John Bruce cuts out more than a thousand foot-long pieces of wood for miniature boats every year. He volunteers to help children create boats from the blocks at the Fishermen's Fall Festival...

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Name: John Bruce.


Hometown: Resides in Kingston, grew up in Ballard.


Affiliation: Volunteer for the Fishermen’s Fall Festival, personnel manager for Jubilee Fisheries.


How long he has been involved: Since creation of the festival 15 years ago.


Fish-cooking tip: Put a fillet of halibut topped with butter, salt and pepper in the microwave for about 3 minutes. It’s fast and tasty, according to this longtime fisherman.


His story: John Bruce cuts out more than a thousand foot-long pieces of wood for miniature boats every year.


He volunteers to help children create boats from the blocks at the Fishermen’s Fall Festival at Seattle’s Fishermen’s Terminal.


“It just takes a lot of time, but it’s worth it when you see the kids down there having such a good time, pounding away at the table with their hammer and nails,” said Bruce.



With the assistance of his son and daughter, he helps children assemble innocuous wooden chunks, dowels, string and paper flags into fantasy masterpieces in the minds of their makers.


Afterward, some children test their crafts by plopping them in the water.


Others simply carry them around the festival. Either way, the event gives them a little more exposure to the life of a fisherman.


Originally hailed as a welcome-home party for the salmon-fishing fleet returning from Alaska, the festival now draws a diverse crowd of up to 7,000 people.


While the festival may provide an exciting and lighthearted introduction to fishing, Bruce’s own introduction to the business was less than pleasant.


“I hated it, absolutely hated it; no showers, crummy, dirty all the time, long hours,” said Bruce of his first fishing expedition to Alaska in the 1970s on a vessel with his brother. “And when we finished a trip, we used to jump overboard in the middle of the gulf just to get clean, just to rinse off.”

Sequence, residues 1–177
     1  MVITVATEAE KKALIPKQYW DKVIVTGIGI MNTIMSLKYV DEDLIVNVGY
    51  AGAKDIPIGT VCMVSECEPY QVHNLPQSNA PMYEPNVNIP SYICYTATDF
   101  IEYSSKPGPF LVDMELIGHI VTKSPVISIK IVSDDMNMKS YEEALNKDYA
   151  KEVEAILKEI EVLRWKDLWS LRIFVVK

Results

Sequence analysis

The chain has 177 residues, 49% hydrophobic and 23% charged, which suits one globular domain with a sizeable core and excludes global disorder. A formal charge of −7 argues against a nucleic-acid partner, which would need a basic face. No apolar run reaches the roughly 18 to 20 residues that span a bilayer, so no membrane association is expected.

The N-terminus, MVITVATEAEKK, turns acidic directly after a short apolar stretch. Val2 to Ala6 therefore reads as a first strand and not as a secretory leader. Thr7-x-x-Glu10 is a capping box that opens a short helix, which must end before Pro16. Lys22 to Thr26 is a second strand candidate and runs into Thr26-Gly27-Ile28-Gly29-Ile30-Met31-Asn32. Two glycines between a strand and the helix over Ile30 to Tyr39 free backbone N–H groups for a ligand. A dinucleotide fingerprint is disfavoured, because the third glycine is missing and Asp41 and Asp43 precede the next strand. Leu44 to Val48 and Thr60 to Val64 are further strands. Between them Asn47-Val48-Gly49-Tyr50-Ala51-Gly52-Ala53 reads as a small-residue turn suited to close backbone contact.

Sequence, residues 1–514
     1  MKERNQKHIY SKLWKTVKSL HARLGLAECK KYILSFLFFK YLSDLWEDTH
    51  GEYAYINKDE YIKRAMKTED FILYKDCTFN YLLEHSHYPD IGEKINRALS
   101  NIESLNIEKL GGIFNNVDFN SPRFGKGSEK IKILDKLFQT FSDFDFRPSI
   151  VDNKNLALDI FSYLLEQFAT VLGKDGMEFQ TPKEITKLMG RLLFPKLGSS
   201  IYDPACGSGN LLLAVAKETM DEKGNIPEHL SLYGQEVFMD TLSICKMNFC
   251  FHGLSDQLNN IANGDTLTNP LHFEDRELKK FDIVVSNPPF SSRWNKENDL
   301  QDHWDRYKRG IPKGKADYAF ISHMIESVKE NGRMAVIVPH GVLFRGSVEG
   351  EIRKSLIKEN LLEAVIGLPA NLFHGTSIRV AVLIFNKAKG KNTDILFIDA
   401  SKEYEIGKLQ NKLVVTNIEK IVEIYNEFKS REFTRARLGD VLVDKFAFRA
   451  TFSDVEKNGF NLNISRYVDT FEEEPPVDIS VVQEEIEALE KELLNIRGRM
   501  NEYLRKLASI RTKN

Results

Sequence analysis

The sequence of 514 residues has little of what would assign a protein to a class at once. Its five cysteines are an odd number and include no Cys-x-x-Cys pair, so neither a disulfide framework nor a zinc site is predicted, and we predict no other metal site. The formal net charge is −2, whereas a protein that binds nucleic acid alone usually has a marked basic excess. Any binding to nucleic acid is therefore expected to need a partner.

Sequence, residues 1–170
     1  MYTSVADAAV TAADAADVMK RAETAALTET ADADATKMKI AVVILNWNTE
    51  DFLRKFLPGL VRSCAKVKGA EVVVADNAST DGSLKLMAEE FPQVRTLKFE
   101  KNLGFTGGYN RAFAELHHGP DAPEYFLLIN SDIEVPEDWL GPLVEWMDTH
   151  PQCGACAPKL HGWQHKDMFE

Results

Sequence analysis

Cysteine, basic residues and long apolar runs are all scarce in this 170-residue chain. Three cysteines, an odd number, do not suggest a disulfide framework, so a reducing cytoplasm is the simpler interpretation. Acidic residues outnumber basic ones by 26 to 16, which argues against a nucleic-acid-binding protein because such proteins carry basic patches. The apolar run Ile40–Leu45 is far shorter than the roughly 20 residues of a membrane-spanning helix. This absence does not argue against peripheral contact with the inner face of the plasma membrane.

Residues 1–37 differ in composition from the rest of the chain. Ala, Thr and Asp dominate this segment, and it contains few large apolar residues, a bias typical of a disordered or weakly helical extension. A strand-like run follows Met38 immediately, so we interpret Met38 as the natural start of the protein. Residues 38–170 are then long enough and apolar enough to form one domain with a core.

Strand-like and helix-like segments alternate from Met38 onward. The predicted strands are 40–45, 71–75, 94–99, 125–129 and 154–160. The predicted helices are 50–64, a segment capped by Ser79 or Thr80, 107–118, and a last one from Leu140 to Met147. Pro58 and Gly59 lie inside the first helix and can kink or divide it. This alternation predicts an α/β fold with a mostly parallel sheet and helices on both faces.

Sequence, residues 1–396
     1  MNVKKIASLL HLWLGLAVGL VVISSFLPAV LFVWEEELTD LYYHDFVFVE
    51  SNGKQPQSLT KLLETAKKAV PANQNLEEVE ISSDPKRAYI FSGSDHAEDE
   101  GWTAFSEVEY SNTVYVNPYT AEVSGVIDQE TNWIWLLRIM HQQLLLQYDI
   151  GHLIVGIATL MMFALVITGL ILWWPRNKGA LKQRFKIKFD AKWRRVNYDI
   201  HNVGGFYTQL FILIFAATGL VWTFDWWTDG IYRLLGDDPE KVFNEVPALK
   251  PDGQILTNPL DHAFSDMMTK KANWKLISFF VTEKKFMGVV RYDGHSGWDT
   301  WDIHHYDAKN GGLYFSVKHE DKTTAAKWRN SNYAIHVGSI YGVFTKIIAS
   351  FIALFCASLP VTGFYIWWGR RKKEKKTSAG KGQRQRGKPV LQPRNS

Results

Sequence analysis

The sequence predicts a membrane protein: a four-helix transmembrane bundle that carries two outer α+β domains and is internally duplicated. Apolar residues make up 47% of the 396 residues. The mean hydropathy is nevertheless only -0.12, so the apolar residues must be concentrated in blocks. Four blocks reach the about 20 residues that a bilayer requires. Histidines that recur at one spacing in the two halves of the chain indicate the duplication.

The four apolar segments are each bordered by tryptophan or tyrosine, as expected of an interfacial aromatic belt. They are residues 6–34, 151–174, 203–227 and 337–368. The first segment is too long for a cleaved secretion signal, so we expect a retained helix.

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Odyssey Maritime Discovery Center’s photographic exhibit of sea creatures, “Puget Sound Underworld: Inhabitants, Hideouts and Exposures,” on display through June 30, Tuesday-Saturday 10 a.m.-5 p.m., Sunday noon-5 p.m., Pier 66, 2205 Alaskan Way, Seattle, $2-7. 206-374-4000 or www.ody.org.


Port Townsend Wooden Boat Festival features hundreds of wooden boats, exhibits of maritime skill, and live entertainment, Sept. 10-12; 9 a.m.-7 p.m. Friday and Saturday, 9 a.m.-5 p.m. Sunday, $6-24. 360-385-3628 or www.woodenboat.org/festival


But when he returned to Washington and received his cut of the profits, he began to see fishing as a more livable occupation. He quit his job in the Oroweat Foods marketing division and hasn’t left the fishing industry since.


He acknowledges, “I got hooked on fishing.”


For the Fishermen’s Fall Festival, he’s helped raise awareness of the safety features on vessels by conducting survival-suit races.


Teams of fishermen leap into their survival suits, zip up the Neoprene overalls, jump into the water and swim 30 yards to a raft as fast as they can.


The festival also features a salmon-filleting contest, an “oyster and shoot” contest, a salmon barbecue, explanations of different fish species, safety-awareness booths and more.


His summer event: Despite its name, Fishermen’s Fall Festival is near the tag-end of summer: Sept. 11, 11 a.m.-dusk, Fishermen’s Terminal, 1900 W. Nickerson St., Seattle; free. More information: 425-455-0732.


— Jennifer Lloyd, staff reporter